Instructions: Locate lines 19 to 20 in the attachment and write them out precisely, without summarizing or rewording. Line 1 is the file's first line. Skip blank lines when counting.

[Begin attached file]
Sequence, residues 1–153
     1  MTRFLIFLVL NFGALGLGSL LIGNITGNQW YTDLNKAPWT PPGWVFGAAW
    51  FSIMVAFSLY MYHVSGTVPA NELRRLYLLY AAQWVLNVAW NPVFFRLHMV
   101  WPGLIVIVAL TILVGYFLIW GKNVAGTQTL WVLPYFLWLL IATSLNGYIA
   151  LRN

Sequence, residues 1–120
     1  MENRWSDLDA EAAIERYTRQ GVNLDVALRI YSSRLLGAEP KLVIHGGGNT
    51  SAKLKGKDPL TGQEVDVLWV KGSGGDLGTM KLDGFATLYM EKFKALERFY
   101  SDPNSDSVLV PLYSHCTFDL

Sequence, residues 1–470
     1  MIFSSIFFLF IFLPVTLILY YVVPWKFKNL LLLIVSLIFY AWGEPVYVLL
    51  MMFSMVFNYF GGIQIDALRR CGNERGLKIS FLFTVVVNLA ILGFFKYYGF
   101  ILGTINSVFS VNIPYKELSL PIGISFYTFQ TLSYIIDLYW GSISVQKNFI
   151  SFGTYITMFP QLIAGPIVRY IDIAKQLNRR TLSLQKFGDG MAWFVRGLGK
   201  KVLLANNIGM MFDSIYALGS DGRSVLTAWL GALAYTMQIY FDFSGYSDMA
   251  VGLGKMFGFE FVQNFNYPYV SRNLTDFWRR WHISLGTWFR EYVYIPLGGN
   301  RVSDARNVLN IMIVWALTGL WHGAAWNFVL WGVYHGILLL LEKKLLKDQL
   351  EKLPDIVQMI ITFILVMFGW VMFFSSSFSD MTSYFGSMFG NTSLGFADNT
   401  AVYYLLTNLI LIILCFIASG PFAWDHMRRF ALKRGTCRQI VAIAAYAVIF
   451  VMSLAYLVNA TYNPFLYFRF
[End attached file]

   401  AVYYLLTNLI LIILCFIASG PFAWDHMRRF ALKRGTCRQI VAIAAYAVIF
   451  VMSLAYLVNA TYNPFLYFRF